This article is more than 5 years old.
The 26th Annual North Carolina Serials Conference has the theme “Being Data-Informed: Taking Control and Connecting Users to Content,” and the portions about connections held a specific resonance with me this year. As always, the conference was a draw for serialists, library school students, and publishers for a day of programming for those who work with continuing resources. I attended the Linked Data session with Steve (see his report for more details), and the connections didn’t stop there.
The keynote address was given by Regina Reynolds of the Library of Congress, whom I know as a member of NASIG. Ms. Reynolds spoke about “Beyond Google: Transforming the Bibliographic Environment to Connect Users to Good Content,” and she spoke specifically about the need to connect users to resources in a manner that a library can do in ways that Google cannot. This, of course, is nothing which libraries are unfamiliar with, but Ms. Reynolds referred to the phrase “the perfect is the enemy of the good,” suggesting that this could be a barrier in an environment where crowdsourcing and cloud resources are part of the culture. As the director of the ISSN Center, Ms. Reynolds also suggested that the ISSN could be used a standard for serials “families” of records but also digital editions and electronic formats (e.g. PDF, HTML, and ePub). She also shared a video to illustrate this idea.
The closing session was presented by Dr. Anthony Chow, Associate Professor in the Department of Library and Information Systems at UNC Greensboro. Dr. Chow was one of my instructors in library school, so I knew that he would bring a lot of information to his presentation, which was called “Getting to Where You Want to Go: Designing Information Systems and Using Your Data through the Application of Analytics and Informatics.” He spoke about the value of data collection to inform ourselves before making decisions while stressing the need to make that data informative when it can support your cause in front of those who make decisions. Again, this is no surprise to anyone who works with assessment, but with proposed federal budget cuts to libraries gaining attention, this took on a more sobering tone. Citing one’s resources is always important, but the amounts of qualitative and quantitative data can be just as valuable.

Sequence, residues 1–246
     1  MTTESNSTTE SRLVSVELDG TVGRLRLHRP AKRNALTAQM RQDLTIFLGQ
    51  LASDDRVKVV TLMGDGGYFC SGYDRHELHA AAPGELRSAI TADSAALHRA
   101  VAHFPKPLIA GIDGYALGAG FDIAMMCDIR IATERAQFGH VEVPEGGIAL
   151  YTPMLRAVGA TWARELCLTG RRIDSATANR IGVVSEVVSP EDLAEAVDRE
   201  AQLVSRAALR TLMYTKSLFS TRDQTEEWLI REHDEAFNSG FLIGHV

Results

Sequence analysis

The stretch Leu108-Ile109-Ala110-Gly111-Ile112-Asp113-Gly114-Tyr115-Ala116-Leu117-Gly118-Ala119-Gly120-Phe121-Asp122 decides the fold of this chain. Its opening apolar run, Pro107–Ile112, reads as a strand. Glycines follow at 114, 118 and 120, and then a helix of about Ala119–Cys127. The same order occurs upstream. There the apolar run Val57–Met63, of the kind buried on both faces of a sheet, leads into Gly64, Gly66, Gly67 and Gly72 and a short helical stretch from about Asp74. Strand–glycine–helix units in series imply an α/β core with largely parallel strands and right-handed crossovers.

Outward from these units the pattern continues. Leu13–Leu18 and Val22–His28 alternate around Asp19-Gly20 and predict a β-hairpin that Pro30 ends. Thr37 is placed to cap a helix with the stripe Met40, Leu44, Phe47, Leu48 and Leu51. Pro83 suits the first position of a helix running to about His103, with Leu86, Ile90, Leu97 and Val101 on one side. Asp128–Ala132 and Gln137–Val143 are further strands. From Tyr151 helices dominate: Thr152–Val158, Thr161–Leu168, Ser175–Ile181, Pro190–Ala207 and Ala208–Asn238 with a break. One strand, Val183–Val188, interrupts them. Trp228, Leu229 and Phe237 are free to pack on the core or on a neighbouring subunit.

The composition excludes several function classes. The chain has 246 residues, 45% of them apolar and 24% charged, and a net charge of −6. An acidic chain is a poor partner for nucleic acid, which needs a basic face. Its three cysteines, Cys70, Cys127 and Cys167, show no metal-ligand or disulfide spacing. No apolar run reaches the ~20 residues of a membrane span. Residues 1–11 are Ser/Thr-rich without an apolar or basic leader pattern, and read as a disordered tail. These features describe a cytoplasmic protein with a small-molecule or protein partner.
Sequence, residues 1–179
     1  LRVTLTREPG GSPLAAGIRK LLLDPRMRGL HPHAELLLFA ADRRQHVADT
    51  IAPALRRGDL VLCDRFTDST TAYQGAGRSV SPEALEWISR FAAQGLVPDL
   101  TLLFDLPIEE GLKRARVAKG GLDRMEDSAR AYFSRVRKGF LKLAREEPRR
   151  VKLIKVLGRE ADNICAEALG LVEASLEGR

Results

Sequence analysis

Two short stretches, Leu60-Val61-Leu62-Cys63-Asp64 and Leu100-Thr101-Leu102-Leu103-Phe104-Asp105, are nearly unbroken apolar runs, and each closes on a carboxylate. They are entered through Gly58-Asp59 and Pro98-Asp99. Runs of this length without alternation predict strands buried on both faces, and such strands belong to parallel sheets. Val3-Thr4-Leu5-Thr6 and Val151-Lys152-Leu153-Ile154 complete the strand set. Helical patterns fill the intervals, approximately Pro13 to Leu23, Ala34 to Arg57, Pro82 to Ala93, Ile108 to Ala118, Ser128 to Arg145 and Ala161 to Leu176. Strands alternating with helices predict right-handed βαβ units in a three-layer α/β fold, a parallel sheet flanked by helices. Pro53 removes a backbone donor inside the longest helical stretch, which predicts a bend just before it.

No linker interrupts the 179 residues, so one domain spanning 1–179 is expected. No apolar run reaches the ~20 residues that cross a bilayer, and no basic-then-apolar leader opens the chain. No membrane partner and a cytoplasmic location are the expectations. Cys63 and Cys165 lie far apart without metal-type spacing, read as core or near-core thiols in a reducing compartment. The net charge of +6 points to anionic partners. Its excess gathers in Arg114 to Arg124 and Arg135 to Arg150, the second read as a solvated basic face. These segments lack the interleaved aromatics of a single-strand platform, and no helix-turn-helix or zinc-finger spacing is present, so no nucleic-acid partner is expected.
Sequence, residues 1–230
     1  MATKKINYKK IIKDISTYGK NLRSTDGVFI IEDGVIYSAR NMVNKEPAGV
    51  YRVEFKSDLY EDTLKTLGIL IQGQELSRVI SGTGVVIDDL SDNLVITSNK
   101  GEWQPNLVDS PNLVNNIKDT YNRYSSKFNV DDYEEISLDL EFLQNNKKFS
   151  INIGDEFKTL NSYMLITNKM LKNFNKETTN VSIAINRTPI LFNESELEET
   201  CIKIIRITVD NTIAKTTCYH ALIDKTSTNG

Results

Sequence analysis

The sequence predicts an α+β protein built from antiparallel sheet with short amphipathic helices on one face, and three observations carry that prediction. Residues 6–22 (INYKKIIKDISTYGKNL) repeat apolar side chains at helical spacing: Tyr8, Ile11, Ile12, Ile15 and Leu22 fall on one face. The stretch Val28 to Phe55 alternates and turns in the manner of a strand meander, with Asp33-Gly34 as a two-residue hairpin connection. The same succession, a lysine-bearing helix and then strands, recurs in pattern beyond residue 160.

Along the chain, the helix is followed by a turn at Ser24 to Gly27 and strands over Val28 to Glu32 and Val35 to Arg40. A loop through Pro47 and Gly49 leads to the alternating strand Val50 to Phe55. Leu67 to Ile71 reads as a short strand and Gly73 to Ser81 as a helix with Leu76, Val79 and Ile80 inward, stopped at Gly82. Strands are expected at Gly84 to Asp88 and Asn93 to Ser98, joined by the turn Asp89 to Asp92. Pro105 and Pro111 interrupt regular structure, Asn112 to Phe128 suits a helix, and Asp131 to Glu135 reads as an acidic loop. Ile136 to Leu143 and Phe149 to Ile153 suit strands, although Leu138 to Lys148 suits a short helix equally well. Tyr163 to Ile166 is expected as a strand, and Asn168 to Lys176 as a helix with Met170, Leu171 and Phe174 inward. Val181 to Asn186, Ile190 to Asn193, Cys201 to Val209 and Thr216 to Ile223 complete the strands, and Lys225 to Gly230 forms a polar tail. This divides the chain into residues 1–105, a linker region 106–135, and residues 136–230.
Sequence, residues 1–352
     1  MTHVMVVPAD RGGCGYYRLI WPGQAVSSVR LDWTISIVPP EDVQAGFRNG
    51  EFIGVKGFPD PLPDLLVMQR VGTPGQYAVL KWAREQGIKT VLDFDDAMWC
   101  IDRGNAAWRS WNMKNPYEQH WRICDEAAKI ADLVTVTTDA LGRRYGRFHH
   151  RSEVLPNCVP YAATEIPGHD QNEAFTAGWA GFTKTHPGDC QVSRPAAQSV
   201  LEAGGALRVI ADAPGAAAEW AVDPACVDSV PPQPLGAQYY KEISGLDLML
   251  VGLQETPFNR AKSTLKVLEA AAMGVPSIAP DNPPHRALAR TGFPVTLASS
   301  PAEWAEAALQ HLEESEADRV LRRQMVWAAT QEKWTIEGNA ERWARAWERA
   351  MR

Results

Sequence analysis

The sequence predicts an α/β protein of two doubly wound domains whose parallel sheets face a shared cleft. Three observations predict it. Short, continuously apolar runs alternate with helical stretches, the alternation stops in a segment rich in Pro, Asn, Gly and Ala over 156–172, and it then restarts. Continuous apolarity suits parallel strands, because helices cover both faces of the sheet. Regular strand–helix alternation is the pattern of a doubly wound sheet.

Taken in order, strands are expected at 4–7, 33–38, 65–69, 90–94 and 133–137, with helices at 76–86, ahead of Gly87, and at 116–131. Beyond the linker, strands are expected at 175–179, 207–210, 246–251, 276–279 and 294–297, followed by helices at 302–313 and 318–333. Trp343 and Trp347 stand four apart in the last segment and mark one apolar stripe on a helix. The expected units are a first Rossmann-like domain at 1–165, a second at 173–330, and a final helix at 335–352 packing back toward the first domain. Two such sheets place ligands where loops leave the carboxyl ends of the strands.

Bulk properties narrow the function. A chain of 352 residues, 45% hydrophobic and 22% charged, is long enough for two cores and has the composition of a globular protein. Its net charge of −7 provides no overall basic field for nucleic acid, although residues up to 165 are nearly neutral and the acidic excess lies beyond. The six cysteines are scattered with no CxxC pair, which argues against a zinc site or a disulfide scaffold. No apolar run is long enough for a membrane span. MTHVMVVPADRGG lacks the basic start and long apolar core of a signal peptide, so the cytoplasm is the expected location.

The most rewarding portion of the conference for me was representing NASIG. It was a chance to network and talk about the organization on a personal level and getting people interested in the upcoming conference in Indianapolis. Reactions included general interest, desires to reactivate expired memberships, and passing along the information to colleagues who may want to join. A few vendors were interested in attending the conference for the first time, which would be a huge step for them. In the end, however, it was about those connections that formed in the brief conversation. I enjoyed it, and I would gladly do it again.